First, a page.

At WatchGuard, we’re all about security simplified. But living this mission becomes challenging when we constantly face a barrage of information technology (IT) acronym soup. Whenever I read the latest blog post or I hear the latest cybersecurity news, one of those dreaded acronyms inevitably appears.
In IT, the acronyms are prolific. So, to simplify things, I thought I’d look back at the history of the most popular acronyms in the cybersecurity industry and give you a little more context. Because who knows what the coming months and years will bring?
The first basic Cybersecurity Acronyms (1950 - 1995)
Going back to basics, let’s start with some terms.
1. AI (artificial intelligence) – 1956
Today, AI is a household term and makes global headlines with ChatGPT, among other technology evolutions. The term "AI" was defined by Dartmouth College researchers in 1956 as "the construction of computer programs that engage in tasks that are currently more satisfactorily performed by human beings because they require high-level mental processes such as perceptual learning, memory organization, and critical reasoning.”
AI may allow computer systems to automatically learn and improve their capabilities based on experience without being explicitly programmed. Potential applications for AI in data analytics are immense, and this also relates to analyzing data for cybersecurity.
With AI, cybersecurity threats that might take days for a human to understand only take minutes. Moreover, algorithms also learn and predict outcomes based on experience and results, lessening the detection time. All said, AI may profoundly impact both malicious and defensive cybersecurity applications.
2. MFA (multi-factor authentication) – 1985
MFA is a security method that requires two or more verification inputs to access an account, file, or system. Usually, MFA security involves a unique digital code or key separate from your password and operates like a secret passphrase or fingerprint to verify your identity.
Not having an MFA can have drastic results, like the Colonial Pipeline ransomware attack in 2021, which caused nationwide gas shortages in the U.S. and was caused by stolen credentials or a leaked password from the dark web.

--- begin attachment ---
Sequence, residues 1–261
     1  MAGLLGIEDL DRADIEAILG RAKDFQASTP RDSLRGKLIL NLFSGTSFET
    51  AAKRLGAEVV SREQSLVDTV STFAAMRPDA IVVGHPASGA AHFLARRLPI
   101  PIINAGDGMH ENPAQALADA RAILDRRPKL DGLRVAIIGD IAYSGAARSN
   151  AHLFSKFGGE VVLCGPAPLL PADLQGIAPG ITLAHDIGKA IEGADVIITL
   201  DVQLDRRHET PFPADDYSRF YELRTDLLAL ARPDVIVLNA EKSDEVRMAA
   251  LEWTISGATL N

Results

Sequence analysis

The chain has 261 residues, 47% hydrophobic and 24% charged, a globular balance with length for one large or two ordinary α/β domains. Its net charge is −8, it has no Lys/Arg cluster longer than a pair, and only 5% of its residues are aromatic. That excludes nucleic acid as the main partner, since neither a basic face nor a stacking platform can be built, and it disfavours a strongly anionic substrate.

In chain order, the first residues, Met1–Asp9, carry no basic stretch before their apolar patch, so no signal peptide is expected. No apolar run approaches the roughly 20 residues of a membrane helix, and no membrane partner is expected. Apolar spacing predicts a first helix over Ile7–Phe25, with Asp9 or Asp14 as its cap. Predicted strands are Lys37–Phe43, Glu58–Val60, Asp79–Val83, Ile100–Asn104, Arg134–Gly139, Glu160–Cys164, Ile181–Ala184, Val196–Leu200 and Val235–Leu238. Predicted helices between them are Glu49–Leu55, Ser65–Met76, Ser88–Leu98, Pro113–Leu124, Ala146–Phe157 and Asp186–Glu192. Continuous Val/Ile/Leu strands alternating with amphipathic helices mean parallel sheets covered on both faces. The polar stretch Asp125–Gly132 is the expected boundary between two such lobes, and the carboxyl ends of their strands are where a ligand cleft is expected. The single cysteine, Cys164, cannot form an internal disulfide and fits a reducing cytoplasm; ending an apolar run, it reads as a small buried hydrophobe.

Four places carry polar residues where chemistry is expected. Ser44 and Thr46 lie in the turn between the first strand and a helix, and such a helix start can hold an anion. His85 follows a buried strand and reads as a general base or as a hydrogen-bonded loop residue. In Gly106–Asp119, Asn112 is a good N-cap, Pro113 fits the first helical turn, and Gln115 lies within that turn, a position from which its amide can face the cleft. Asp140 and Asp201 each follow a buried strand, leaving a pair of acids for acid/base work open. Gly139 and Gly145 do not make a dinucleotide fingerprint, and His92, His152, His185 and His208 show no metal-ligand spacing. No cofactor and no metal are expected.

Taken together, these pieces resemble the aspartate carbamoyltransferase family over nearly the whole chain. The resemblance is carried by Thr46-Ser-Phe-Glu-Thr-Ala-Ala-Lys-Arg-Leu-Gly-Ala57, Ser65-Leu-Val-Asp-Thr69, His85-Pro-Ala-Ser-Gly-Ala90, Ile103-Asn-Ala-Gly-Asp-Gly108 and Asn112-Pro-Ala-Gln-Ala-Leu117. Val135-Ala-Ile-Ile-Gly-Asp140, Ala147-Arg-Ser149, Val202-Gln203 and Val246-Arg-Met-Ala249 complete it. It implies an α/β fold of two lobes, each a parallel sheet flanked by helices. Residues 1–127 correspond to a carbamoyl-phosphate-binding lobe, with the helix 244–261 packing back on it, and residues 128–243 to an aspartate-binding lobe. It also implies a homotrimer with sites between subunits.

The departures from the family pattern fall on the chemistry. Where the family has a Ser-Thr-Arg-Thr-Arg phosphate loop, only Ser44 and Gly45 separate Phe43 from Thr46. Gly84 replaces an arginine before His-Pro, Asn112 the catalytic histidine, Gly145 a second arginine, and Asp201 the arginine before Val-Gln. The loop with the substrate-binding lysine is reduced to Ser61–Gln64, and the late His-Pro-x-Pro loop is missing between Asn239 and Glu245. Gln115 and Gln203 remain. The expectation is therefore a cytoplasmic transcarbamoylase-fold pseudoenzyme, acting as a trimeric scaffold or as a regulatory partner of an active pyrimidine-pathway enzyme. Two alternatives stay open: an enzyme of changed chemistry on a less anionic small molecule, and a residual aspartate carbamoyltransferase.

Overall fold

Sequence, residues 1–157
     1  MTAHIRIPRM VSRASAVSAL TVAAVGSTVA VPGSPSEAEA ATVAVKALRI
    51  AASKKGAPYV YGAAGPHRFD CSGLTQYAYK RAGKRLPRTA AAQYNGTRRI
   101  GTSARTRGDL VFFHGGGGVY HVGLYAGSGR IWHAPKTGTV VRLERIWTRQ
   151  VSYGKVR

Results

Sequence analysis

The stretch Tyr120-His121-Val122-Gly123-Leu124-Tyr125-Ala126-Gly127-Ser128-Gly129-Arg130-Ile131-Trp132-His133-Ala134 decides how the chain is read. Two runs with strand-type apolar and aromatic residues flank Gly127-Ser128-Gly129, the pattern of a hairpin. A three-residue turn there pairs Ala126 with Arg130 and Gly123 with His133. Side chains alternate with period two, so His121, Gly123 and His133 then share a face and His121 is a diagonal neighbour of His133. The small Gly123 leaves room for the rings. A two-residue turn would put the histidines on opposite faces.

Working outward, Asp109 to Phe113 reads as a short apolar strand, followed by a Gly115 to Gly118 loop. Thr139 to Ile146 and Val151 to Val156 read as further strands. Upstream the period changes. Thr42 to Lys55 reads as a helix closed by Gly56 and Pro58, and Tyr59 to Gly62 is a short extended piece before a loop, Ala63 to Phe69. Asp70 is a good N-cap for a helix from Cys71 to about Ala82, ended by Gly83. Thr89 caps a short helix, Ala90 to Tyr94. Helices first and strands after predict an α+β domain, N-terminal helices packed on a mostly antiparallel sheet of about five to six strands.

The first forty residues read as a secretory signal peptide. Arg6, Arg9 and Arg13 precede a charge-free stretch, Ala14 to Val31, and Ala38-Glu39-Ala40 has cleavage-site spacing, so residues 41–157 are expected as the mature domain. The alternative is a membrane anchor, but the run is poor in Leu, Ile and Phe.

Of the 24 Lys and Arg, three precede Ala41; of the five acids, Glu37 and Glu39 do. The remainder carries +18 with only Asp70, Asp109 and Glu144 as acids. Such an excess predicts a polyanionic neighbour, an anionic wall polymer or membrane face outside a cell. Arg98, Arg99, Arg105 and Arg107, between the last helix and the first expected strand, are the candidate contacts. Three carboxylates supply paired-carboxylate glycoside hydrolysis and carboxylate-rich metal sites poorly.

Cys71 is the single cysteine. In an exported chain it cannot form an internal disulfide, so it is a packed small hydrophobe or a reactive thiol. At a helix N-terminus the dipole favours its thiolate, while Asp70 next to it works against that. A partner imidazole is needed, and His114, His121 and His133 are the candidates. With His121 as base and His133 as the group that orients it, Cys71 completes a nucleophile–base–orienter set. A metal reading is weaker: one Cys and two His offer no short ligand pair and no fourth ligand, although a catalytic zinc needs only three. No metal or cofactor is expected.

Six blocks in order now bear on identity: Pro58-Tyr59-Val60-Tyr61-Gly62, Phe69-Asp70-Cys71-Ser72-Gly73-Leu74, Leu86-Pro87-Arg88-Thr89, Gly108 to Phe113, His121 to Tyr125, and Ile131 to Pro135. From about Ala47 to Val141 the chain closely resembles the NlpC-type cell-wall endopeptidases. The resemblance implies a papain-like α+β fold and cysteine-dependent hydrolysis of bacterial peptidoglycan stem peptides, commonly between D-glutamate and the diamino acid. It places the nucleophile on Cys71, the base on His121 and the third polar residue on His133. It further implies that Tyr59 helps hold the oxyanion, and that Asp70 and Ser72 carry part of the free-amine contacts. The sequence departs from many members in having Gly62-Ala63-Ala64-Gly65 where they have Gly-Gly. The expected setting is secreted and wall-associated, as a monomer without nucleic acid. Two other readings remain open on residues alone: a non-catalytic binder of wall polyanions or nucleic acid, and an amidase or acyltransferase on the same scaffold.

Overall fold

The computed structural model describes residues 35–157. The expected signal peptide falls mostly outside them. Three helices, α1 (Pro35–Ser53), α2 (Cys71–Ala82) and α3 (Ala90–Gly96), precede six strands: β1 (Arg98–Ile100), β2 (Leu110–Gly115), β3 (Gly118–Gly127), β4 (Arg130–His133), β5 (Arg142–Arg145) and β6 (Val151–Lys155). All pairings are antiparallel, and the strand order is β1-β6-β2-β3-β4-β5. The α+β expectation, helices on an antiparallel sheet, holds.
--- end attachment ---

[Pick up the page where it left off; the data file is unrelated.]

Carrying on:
3. EPP (Endpoint Protection Platform) – 1988
EPP (Endpoint Protection Platform) is a suite of technologies designed to protect an organization’s infrastructure to control known threats, such as traditional malware and even unknown threats. To elaborate, EPDR (Endpoint Protection Detection and Response) continuously monitors endpoints to classify 100% of processes (pre- and post-execution) to detect and respond to attacks and in-memory exploits automatically.
An EPDR system reveals and blocks the strange behaviors of users, machines, and processes while proactively discovering new hacking and evasion techniques and tactics. Now that's sophisticated Endpoint Security.
4. MSP (managed service provider) – 1990
Today, managed services are particularly interesting to small and medium-sized companies, which can dispense with in-house IT support by outsourcing IT requirements to an MSP and thus save costs. Initially, the concept of managed services, which began in the 1990s, was aimed exclusively at large companies. MSP (managed service provider ) or, in other words, the expert channel in your local area that would be happy to help if you don’t have the experience. WatchGuard has a ton of these experts in our MSP community.
5. VPN (Virtual Private Network) – 1993
In the world of business and remote connections, it’s essential to protect your crucial information from the bad guys; a VPN is a must. It’s like a secure pipe for that vital conversation or data share between your network and your employees, or even your grandma across your home network to protect your smart devices, and it can secure your data and people anywhere in the world. A mobile VPN isn’t hard to configure on your firewall (that device your IT provider says you must have).
6. AV (Anti-Virus) – 1995
Advanced cybersecurity threats have doubled in the last 12 months, and malware and ransomware attacks are more innovative, sophisticated, and costly. The endpoint (your laptop or mobile phone) is a favorite target of cybercriminals, with plenty of known vulnerabilities to be exploited and software versions that are often outdated; there are numerous endpoint acronyms related to attacks we can cover. Since WatchGuard acquired Panda several years ago, there’s certainly been a bit of a learning curve for these acronyms in my world. Antivirus (AV) is only the first layer of defense in endpoint protection; these days, only having AV is like driving around on bald tires in the rain.
Acronyms around the turn of the century (1996 – 2005)
7. SOC (Security Operations Center) – 1996